MUSIQUE MACHINE
Review by Mikhail Capone

Book of Illusions: Chapter I & II

It's impressive what people can do nowadays with technology.  Suppose you are an inspired musician but can't or don't want to find a band for various reasons; lets say that you want your vision to keep a maximum of integrity and make a minimum the artistic compromises (something that a democratic group can bring) or simply can't find interesting band-mates.  What do you do?  You record and release everything yourself!  Of course there are downsides to doing things this way and it's hard to do on a large scale, but I much prefer to live with them than to consider the possibility of losing this very interesting and enjoyable work.

I remember that sometime last year when Devin Townsend first talked about his Terria project in interviews he described it as "Alien Landscapes".  It didn't turn out exactly like that (not to me anyway) and I can't say that VLE sounds anything like Devin, but the way I imagined "Alien Landscapes" back then is pretty similar to how those two chapters of the Books of Illusions sound.  It sounds out of this world and I have a very hard time coming up with a decent comparison to another band.

Chapter I is a little more guitar oriented, but overall both discs are full of mostly instrumental (when there is vocals they are far back in the mix and only serve to enhance the ambience) mid-tempo atmospheric compositions.  The synthesizers wash all over the songs like ocean water on the shore, guitar are drenched in reverb as if they were performed in the middle of the Sea of Tranquillity (I know, there's no air there, but I didn't complain because you could hear the ships in Star Wars either).  Many of the instruments used were synthesized, but most actually sound good (I'm mostly thinking of the flute and piano).  The imperfect production works well with the material and you appreciate it even more once you stop to think about the fact that all the layers were recorded by the same person (except some acoustic drums by Michael Molina on some tracks - many tracks don't have any drums though) and that a lot of them were improvised.  I actually had to email the man behind VLE to inquire about his improvising technique because, to me, most of the music sounded pretty organized and structured.  He told me a little about how each song was created differently, how some started with a melody or a rhythm guitar track and then he improvised over it.  I think that, as it's often the case, the artist himself can't really say where inspiration comes from but, in this case, all that matters is that the end result is interesting.   Of course, this is not the kind of band that you can fully appreciate after one listen in the middle of the day, you have to be in the right mood for it and it works best when you listen to the CD from beginning to end.  Recommended to the people who want 'grand' yet mellow music for late night listening.  Also, one has to accept that not everything is polished and perfect on these CDs: sometimes the drums are a little off, some errors are present here and there, sometimes the guitar can be a little far in the mix... But none of these takes away from the VLE experience in my eyes.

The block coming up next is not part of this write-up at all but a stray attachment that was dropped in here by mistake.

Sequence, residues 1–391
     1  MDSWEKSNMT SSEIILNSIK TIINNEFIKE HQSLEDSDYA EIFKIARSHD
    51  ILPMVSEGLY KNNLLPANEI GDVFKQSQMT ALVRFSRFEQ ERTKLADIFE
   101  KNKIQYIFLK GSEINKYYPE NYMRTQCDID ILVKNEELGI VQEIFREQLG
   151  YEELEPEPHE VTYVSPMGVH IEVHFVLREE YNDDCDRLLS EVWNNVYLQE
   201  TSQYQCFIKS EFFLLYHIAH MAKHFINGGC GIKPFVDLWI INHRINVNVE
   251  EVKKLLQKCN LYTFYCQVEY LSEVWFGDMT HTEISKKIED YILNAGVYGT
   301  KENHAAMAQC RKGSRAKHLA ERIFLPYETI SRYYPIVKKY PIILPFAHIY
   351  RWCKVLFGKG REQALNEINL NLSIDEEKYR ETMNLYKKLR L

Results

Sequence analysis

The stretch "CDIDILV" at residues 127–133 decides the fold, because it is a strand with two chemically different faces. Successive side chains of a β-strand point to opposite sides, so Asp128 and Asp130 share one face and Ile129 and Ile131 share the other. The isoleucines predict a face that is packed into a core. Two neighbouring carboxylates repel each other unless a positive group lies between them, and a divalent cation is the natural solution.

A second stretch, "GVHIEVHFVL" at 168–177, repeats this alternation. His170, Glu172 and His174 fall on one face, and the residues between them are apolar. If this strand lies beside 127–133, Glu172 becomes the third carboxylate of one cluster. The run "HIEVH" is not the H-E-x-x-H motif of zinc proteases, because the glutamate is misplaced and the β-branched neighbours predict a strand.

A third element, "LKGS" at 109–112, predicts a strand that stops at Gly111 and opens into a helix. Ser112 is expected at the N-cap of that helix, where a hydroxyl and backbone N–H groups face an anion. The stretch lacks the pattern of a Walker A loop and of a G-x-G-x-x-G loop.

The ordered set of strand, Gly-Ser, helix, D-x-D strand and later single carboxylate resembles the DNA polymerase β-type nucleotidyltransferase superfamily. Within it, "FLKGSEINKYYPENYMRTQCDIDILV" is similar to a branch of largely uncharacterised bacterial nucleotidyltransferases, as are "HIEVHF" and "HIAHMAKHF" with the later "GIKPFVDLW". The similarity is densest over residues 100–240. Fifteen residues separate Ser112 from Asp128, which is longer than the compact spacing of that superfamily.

Rating: 4/5 kudos

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